From a snowman to many tiny reindeer, baked goods shine at Southworth
Lyla Bradford’s Christmas tree-shaped cake was anything but average. She built it over two gingerbread cookies for the signature tree shape, and covered it in dollops of swiss meringue buttercream frosting before the cookies were stacked. Then, Bradford added the toppings: meringue kisses, macarons, and vanilla and gingerbread swirl cookies.
It was the 11-year-old’s entry into the Southworth Library’s Teen Baking Competition, held on Dec. 15 at the library. The confectionary wonder earned Bradford a second place finish in the 10-12 age group, one of the two age groups in the competition.
“I made a template out of paper, then rolled out the gingerbread dough and cut it with an exacto knife,” Bradford explained.
On the morning of the competition, she added the frosting dollops and toppings.
Bradford’s best baking tip is to always know what the next step is.
This was the second year the library has hosted the competition, which was judged by librarian Christie Phillips, Feyza Achilova, Katherine Rosen, and Megan Melo.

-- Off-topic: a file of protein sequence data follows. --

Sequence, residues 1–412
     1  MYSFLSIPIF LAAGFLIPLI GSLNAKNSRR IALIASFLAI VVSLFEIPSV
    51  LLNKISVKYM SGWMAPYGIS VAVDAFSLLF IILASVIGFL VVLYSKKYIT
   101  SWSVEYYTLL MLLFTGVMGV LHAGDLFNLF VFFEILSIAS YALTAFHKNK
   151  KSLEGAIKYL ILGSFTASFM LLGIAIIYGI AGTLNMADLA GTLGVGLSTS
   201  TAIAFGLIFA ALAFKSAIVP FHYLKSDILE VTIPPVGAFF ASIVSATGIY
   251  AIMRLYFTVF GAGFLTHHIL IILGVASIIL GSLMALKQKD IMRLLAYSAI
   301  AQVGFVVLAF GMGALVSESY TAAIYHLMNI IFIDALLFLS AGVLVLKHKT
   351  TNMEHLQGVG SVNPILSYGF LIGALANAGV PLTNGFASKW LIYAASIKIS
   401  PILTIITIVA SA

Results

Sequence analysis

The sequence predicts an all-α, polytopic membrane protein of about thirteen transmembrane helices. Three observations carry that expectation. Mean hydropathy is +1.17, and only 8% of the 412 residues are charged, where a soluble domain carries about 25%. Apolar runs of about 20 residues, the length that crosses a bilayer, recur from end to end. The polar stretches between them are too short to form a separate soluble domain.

“I like baking a lot, so it’s fun to judge it,” said Achilova.
Entries ranged from a no-bake Yule Log to cake pops and a snowman covered in fondant. Participants were between 10 and 13 years old, and included both veteran and novice bakers.
“They all did a lot better than I would have been able to at their age,” Rosen said.
Emilia Perriera, 12, whipped up a hot chocolate cake with whipped cream frosting and marshmallow fluff filling that was shaped like a delicious cup of cocoa, and took first place for her age group. Perriera has her own baking business, and sells different treats each week on her Facebook page, Bake My Day by Emilia May.
Her best tips are to take your time and measure twice.
The winner of the older group was Mackenzie Boucher, 13, who made a cake shaped like Frosty the Snowman.
“It was definitely one of the hardest things I’ve ever made,” Boucher said of the six layer, 3 tier chocolate and vanilla cake. It was also her first time working with fondant, which was difficult to maneuver.
Second place in the older group was Makai Vincent, 13, who made coconut cupcakes with raspberry filling. They cupcakes were decorated to look like Rudolph the Red-Nosed Reindeer with pretzel antlers and raspberry noses.
Edyn Champagne, 10, made a tree-shaped cake that integrated one of her family’s Christmas traditions: putting a nest on the tree. She made the nest with chow mein noodles and chocolate, with mini marshmallow eggs. Her tree-topper was a piece of kettle corn, and its sugar coating glistened in the light.